Love is Not a Gated-Community

I wanted to thank everyone who signed up for this newsletter and/or personally reached out to me after my first newsletter. I am excited to announce that our doors opened Monday, October 4th, and we are seeing our first patients!

I don’t want to overwhelm you with newsletters, and yet I am excited about this new endeavor and I have a lot to share. (Again, if you don’t want to receive these emails, no problem! You can unsubscribe below.)

Over the last 7 years I have been closely following the renaissance of using psychedelic medicines to help with depression, anxiety, OCD, PTSD, addiction, existential distress and end-of-life care. These diagnoses share a similar experiential quality: a stuck, habitual, and painful repetition of thoughts, feelings, sensations, memories and behaviors. The repetitive and stuck nature of these experiences can be described as a narrowing or constriction of consciousness. This narrowing diminishes our openness and curiosity to the entirety of our experience, and limits our experiential and emotional flexibility. This is why I believe that consciousness medicine is a more precise description of what is currently referred to as psychedelic medicine. Consciousness medicines heal us by amplifying our consciousness in order to explore what is present in our consciousness rather than restrict it (which is often the goal of antidepressant medications, ie., to suppress unwanted feelings).

Love is not a gated-community

I learned this phrase from hospice provider/teacher Frank Otaseski. It speaks to the endgame of consciousness medicine. How can we open to and bear witness to all aspects of our inner experience without exclusion? How do we radically accept ourselves, forgive ourselves, and ultimately love ourselves without pushing anything away or dissociating from our experience? How can we live our lives without a self-critical ‘yardstick’ that we measure ourselves against? Of course we continue to be discerning, but ultimately healing requires self-compassion, self-acceptance and self-forgiveness.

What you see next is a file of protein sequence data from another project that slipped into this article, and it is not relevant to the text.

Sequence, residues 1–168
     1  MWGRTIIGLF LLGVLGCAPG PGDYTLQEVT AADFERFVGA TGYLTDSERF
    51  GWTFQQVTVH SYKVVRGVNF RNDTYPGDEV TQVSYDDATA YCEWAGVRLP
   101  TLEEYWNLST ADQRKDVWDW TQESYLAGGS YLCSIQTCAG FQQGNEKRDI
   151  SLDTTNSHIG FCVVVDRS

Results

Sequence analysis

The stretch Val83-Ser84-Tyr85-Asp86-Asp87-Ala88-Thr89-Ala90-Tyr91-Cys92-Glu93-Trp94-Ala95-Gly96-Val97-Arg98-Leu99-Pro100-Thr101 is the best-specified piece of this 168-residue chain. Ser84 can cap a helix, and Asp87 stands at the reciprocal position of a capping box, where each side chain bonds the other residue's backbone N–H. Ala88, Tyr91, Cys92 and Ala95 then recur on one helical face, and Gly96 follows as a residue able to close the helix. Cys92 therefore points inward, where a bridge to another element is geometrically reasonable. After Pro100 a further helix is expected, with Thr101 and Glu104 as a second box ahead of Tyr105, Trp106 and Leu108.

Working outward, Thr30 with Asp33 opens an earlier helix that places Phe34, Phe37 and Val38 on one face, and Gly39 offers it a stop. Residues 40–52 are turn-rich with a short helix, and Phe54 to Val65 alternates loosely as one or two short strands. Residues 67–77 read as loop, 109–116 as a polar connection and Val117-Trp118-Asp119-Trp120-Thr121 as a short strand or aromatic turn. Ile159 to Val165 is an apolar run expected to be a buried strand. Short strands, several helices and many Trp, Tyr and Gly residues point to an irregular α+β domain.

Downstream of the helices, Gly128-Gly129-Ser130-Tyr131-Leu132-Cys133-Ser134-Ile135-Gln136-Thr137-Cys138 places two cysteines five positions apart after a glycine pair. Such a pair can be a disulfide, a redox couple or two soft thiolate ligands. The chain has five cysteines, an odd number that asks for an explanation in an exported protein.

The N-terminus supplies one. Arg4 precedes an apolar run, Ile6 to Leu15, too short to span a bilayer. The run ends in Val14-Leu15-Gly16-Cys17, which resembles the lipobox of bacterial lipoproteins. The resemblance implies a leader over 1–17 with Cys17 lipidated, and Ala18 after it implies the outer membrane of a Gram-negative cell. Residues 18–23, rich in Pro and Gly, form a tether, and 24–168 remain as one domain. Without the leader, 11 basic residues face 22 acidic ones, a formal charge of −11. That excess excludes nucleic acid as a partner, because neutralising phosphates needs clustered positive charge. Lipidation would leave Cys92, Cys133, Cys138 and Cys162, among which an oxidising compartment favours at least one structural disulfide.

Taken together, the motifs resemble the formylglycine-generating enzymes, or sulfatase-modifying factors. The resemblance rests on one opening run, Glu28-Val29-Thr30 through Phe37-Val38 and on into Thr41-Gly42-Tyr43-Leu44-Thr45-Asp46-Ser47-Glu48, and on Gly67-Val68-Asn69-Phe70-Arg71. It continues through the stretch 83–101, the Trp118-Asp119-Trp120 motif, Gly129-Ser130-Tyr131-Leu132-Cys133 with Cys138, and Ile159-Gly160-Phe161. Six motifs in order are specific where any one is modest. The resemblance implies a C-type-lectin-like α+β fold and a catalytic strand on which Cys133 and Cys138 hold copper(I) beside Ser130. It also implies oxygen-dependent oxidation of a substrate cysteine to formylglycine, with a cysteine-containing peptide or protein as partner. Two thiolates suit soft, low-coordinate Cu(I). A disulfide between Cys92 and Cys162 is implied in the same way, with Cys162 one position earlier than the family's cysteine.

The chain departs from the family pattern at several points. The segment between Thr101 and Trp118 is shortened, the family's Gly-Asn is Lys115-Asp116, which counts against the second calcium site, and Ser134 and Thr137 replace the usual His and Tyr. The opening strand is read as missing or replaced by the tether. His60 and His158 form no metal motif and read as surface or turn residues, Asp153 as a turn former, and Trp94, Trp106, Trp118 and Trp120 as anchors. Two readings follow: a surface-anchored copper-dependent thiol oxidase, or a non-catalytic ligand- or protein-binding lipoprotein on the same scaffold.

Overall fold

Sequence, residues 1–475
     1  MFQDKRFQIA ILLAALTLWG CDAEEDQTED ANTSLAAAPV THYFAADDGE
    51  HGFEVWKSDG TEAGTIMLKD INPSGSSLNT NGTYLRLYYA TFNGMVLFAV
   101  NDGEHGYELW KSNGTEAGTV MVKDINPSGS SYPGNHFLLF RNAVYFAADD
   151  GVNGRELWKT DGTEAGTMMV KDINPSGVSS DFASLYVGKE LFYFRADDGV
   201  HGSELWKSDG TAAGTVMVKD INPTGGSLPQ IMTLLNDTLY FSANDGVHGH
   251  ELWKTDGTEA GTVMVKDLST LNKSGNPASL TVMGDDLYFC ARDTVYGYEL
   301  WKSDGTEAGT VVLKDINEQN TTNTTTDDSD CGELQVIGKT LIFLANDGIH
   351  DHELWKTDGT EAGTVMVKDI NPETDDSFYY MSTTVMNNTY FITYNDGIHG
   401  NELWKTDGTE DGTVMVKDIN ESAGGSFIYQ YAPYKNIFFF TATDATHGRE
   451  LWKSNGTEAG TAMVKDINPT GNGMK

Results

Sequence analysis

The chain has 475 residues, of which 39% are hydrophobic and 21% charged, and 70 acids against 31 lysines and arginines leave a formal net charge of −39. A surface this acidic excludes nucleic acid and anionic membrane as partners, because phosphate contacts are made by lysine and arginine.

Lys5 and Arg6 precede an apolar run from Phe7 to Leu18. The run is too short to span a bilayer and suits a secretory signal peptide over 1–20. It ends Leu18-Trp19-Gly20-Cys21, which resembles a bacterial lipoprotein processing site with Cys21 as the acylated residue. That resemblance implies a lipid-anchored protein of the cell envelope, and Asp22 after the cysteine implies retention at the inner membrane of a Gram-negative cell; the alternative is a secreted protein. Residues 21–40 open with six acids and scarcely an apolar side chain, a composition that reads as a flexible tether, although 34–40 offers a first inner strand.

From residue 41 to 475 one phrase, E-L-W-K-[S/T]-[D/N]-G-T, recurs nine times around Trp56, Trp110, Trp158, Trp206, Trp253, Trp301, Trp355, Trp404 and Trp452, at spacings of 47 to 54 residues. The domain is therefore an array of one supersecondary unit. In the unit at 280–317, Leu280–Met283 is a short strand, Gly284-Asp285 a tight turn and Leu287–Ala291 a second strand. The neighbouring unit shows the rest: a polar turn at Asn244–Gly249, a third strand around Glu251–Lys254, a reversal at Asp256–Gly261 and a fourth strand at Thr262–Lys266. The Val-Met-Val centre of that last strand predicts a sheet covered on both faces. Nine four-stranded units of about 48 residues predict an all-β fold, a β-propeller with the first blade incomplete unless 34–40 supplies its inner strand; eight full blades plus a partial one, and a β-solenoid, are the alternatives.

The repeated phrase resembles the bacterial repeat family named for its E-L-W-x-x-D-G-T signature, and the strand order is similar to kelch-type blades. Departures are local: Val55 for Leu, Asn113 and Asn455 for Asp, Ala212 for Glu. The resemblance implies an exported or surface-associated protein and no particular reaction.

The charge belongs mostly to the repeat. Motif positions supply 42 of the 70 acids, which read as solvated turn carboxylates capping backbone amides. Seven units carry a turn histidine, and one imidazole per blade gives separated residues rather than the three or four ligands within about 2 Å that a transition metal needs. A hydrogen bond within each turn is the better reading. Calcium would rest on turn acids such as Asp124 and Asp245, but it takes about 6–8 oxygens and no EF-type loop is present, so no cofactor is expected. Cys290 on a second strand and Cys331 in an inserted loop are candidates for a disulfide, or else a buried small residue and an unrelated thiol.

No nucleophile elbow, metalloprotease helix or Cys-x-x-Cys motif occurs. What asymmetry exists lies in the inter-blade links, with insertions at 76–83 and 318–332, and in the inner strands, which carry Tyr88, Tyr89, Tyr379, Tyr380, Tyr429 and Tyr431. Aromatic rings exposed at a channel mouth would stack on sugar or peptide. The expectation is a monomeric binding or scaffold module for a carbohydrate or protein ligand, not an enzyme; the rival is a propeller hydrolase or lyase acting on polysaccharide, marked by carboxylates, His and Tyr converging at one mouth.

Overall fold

When held in a safe and present container, consciousness medicine can rapidly open you to all parts of your inner world and support greater self-acceptance and healthy self-love. When we approach our depressed, anxious, obsessive, fearful, traumatized, addictive parts with compassion, curiosity, courage and clarity, and then integrate them, we begin to heal and become whole again. Consciousness medicine points us in that direction, and with the help of the trained integration psychotherapist on our team, Martha McCord, LMFT, you can sustain those changes and root them in daily experience.

With deep gratitude,

Ian Luepker, Michelle Bienick & Martha McCord

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